New Publication: Intentional News Avoidance vs. Low News Consumption


Dominika Betakova, Hajo Boomgaarden, Sophie Lecheler and Svenja Schäfer published their article "I Do Not (Want To) Know! The Relationship Between Intentional News Avoidance and Low News Consumption” in Mass Communication & Society (open-access).

Full Article.

Their cross-sectional study focuses on disentangling two types of news avoidance: intentional news avoidance and low news consumption. In addition, it also looks at which perceptions of media and politics predict intentional news avoidance or low news consumption (or both).

Results in a nutshell:

Our colleagues have found that 15.39 % of Austrians (N=1,007) can be categorized as high intentional news avoiders, while 15.69 % as low news consumers. Interestingly, echoing previous research, these do not seem to be the same people. When they looked at predictors of high intentional news avoidance and low news consumption, both types of news avoidance share common predictors like lower perception of civic duty to keep informed and lower political interest. However, there are notable differences. Specifically, high intentional news avoidance in Austria is linked to younger age, higher internal political efficacy and higher perception of news negativity. On the other hand, low news consumption is associated with low income and lower media and political trust. This supports the notion that low news consumption reflects a general detachment from media and politics, while intentional news avoidance stems from the need to take a break from the emotionally burdensome news. Regarding the intersection of high intentional news avoidance and low news consumption, the authors created four groups of news (non-)users based on the combination of intentionality (high/average or low) and news consumption (high or average/low). Interestingly, only 27.22 % of self-reported low news consumption is intentional, meaning most people who consume little to no news do not report doing so on purpose, corroborating previous findings.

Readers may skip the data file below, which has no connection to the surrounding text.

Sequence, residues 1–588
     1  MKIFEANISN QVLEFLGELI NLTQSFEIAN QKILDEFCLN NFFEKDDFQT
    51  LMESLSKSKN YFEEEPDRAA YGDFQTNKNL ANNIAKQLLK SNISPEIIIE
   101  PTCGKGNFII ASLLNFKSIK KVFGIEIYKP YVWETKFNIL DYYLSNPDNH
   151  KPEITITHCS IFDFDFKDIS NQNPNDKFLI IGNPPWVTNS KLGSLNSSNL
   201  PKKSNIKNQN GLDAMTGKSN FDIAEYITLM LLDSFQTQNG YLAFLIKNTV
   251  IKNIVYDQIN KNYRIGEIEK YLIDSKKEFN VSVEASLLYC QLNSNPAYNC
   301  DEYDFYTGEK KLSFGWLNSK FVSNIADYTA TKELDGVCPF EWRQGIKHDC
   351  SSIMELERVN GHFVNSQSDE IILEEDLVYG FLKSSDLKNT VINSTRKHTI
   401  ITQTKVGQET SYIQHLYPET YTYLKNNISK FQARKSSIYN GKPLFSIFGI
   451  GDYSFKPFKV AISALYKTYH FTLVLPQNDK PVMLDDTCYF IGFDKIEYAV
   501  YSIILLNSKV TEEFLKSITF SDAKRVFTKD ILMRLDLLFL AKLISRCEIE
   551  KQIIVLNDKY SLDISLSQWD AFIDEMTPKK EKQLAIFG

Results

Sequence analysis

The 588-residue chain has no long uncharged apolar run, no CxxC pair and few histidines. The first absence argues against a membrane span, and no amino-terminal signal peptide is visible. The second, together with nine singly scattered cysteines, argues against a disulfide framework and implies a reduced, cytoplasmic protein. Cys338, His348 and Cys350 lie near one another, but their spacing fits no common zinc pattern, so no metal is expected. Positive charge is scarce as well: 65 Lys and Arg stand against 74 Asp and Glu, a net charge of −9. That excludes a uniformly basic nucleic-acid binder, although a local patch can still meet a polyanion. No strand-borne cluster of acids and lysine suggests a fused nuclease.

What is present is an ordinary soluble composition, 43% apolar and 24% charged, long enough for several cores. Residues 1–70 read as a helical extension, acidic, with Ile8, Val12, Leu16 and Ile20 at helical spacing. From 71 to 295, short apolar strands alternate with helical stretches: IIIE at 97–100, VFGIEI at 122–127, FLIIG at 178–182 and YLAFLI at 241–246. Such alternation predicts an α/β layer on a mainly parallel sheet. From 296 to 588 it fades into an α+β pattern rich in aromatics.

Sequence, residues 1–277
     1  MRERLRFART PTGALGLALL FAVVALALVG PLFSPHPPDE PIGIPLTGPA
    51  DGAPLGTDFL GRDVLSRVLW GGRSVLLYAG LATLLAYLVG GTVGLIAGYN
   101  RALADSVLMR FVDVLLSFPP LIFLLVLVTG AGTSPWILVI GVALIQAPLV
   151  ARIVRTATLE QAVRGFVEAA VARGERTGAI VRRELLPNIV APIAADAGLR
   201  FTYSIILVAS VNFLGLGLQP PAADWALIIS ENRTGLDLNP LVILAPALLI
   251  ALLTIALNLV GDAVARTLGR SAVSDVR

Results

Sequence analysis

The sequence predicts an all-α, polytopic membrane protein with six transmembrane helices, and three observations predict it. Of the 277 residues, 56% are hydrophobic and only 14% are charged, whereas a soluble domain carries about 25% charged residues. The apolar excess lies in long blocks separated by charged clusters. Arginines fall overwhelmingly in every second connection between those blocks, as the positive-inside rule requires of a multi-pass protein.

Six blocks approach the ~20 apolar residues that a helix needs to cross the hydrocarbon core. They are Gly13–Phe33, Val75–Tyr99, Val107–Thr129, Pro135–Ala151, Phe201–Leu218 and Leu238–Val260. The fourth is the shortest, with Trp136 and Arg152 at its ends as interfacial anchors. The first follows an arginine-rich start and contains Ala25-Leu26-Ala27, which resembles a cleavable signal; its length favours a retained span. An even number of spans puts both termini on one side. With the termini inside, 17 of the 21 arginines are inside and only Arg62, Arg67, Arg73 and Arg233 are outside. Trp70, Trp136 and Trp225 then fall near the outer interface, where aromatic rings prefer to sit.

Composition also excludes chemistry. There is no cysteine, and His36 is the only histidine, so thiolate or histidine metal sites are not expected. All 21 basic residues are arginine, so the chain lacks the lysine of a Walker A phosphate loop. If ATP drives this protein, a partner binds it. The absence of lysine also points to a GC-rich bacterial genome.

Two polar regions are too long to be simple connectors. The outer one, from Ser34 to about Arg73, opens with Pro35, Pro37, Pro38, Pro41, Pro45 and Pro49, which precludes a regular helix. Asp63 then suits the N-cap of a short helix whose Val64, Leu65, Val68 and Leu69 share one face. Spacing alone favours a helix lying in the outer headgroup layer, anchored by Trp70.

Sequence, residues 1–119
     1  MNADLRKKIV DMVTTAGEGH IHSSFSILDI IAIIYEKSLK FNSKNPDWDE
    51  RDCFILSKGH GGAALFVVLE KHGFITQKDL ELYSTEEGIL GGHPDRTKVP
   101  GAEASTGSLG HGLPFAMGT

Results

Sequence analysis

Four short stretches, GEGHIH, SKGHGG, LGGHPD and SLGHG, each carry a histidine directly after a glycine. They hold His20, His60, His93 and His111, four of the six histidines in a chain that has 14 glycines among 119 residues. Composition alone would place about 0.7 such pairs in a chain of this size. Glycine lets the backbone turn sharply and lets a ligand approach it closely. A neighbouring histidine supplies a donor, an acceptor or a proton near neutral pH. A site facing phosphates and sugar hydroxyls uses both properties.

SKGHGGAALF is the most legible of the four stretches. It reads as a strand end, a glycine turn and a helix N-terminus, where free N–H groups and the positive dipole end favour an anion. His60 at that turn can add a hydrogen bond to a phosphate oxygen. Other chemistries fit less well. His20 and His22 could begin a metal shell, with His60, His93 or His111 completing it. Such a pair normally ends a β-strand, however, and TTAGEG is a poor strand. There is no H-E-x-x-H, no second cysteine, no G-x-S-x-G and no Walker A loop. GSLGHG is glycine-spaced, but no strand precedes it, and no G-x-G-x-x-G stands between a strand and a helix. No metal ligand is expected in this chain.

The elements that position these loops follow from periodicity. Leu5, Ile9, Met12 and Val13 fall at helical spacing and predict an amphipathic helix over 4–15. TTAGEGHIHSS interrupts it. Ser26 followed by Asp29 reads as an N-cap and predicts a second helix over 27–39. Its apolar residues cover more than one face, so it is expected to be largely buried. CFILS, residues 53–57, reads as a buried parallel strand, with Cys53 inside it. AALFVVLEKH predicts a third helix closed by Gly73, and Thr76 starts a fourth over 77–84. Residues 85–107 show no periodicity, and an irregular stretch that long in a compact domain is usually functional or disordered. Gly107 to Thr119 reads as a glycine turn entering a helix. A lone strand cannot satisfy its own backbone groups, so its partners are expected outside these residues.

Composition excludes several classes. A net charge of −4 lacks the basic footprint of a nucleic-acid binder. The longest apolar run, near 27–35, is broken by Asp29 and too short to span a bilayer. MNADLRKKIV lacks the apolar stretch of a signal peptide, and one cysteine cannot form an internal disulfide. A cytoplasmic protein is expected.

Concerning the factors that raise the probability of belonging to one of four news (non-)user groups, intentionally low news consumer is more likely to be a woman, have lower political interest and political trust and exhibit a lower sense of civic duty to keep informed, echoing the importance of addressing structural inequalities and early news socialization when it comes to this type of news avoidance. Secondly, there is a sizable group of citizens with low news consumption but without intentional news avoidance. Factors associated with this behavior include low income, lower internal political efficacy, and unexpectedly lower perceived news negativity. This also suggests the importance of structural or habitual factors in addressing this type of news avoidance. The third group consists of intentional news avoiders who maintain high or average news consumption, accounting for 72.26% of intentional news avoiders in our sample. This group tends to be younger, perceives the news as overly negative and even reports experiencing physical reactions to it (e.g., trouble falling asleep) while not perceiving following the news as their civic duty. Lastly, individuals who consume news without avoiding it tend to have high income, higher political interest, a stronger sense of civic duty to keep informed, and do not perceive news as negative.